EXODUS ch. 16 – 18

 

Chapter 16

1 Having set out from Elim, the whole Israelite community came into the desert of Sin, which is between Elim and Sinai, on the fifteenth day of the second month after their departure from the land of Egypt. 2 Here in the desert the whole Israelite community grumbled against Moses and Aaron. 3 The Israelites said to them, “Would that we had died at the LORD’S hand in the land of Egypt, as we sat by our fleshpots and ate our fill of bread! But you had to lead us into this desert to make the whole community die of famine!” 4

Then the LORD said to Moses, “I will now rain down bread from heaven for you. Each day the people are to go out and gather their daily portion; thus will I test them, to see whether they follow my instructions or not. 5 On the sixth day, however, when they prepare what they bring in, let it be twice as much as they gather on the other days.” 6 So Moses and Aaron told all the Israelites, “At evening you will know that it was the LORD who brought you out of the land of Egypt; 7 and in the morning you will see the glory of the LORD, as he heeds your grumbling against him. But what are we that you should grumble against us? 8

When the LORD gives you flesh to eat in the evening,” continued Moses, “and in the morning your fill of bread, as he heeds the grumbling you utter against him, what then are we? Your grumbling is not against us, but against the LORD.” 9 Then Moses said to Aaron, “Tell the whole Israelite community: Present yourselves before the LORD, for he has heard your grumbling.” 10 When Aaron announced this to the whole Israelite community, they turned toward the desert, and lo, the glory of the LORD appeared in the cloud! 11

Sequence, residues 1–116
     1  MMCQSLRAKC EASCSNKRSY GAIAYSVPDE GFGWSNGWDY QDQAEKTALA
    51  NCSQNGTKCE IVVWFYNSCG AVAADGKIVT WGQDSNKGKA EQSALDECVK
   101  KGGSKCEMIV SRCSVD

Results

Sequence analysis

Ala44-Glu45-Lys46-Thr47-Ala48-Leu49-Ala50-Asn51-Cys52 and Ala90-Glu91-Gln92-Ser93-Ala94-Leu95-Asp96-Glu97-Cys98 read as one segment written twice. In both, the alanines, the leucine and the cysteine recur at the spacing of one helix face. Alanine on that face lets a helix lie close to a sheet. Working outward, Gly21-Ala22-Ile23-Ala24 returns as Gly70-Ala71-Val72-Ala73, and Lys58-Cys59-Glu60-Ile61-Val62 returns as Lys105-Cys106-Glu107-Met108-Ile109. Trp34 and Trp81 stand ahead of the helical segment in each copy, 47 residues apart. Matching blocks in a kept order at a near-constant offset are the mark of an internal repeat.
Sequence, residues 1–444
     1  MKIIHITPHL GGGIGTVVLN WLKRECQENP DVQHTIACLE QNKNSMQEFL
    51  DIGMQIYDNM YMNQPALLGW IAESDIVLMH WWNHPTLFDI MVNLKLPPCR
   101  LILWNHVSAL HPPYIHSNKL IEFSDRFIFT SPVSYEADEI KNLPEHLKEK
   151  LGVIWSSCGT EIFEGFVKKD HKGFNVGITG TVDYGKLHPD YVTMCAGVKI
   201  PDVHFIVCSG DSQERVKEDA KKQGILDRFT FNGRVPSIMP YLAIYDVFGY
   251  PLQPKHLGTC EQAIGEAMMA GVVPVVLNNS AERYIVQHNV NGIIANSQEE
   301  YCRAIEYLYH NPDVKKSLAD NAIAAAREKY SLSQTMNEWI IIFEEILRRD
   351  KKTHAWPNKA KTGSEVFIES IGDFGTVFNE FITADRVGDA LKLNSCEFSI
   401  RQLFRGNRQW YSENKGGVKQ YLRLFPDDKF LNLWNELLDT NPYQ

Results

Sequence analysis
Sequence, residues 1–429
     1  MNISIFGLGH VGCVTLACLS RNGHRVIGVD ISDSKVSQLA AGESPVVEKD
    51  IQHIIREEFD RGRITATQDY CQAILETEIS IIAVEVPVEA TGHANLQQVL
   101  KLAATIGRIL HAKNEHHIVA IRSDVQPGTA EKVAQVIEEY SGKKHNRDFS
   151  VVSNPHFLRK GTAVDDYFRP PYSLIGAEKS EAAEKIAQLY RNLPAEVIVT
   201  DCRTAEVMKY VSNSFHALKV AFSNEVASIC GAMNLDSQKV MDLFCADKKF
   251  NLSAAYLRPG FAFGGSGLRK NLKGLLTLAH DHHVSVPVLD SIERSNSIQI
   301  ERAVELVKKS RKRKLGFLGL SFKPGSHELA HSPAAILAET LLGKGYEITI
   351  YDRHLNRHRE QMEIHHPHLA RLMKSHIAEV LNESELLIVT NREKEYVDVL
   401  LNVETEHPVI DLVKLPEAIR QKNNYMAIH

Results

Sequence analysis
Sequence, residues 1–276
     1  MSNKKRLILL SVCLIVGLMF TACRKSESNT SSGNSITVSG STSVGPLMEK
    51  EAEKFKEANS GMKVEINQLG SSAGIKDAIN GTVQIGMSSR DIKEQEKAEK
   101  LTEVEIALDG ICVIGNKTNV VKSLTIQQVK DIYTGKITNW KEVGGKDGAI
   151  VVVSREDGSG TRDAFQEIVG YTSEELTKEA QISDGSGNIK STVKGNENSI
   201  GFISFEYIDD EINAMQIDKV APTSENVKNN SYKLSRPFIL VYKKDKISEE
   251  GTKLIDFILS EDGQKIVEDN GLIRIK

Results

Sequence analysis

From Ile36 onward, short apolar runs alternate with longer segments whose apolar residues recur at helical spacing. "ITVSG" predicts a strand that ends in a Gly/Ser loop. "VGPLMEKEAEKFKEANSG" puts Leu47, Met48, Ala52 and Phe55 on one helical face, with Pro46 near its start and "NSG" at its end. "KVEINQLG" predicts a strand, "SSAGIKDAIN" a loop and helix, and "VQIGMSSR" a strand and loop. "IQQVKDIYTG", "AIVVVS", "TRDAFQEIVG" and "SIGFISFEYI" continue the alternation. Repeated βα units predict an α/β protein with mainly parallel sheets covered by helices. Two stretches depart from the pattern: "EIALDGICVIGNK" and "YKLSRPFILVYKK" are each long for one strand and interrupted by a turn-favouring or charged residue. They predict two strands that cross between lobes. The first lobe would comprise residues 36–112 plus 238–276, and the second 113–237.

The LORD spoke to Moses and said, 12 “I have heard the grumbling of the Israelites. Tell them: In the evening twilight you shall eat flesh, and in the morning you shall have your fill of bread, so that you may know that I, the LORD, am your God.” 13 In the evening quail came up and covered the camp. In the morning a dew lay all about the camp, 14 and when the dew evaporated, there on the surface of the desert were fine flakes like hoarfrost on the ground. 15 On seeing it, the Israelites asked one another, “What is this?” for they did not know what it was. But Moses told them, “This is the bread which the LORD has given you to eat. 16

“Now, this is what the LORD has commanded. So gather it that everyone has enough to eat, an omer for each person, as many of you as there are, each man providing for those of his own tent.” 17 The Israelites did so. Some gathered a large and some a small amount. 18 But when they measured it out by the omer, he who had gathered a large amount did not have too much, and he who had gathered a small amount did not have too little. They so gathered that everyone had enough to eat. 19